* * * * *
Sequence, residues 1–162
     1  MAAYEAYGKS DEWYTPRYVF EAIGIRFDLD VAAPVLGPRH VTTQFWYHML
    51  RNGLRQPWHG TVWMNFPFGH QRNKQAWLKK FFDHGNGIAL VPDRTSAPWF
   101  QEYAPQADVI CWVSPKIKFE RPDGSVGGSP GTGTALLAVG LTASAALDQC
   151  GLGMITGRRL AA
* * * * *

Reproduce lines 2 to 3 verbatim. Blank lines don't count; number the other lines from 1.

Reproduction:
     1  MAAYEAYGKS DEWYTPRYVF EAIGIRFDLD VAAPVLGPRH VTTQFWYHML
    51  RNGLRQPWHG TVWMNFPFGH QRNKQAWLKK FFDHGNGIAL VPDRTSAPWF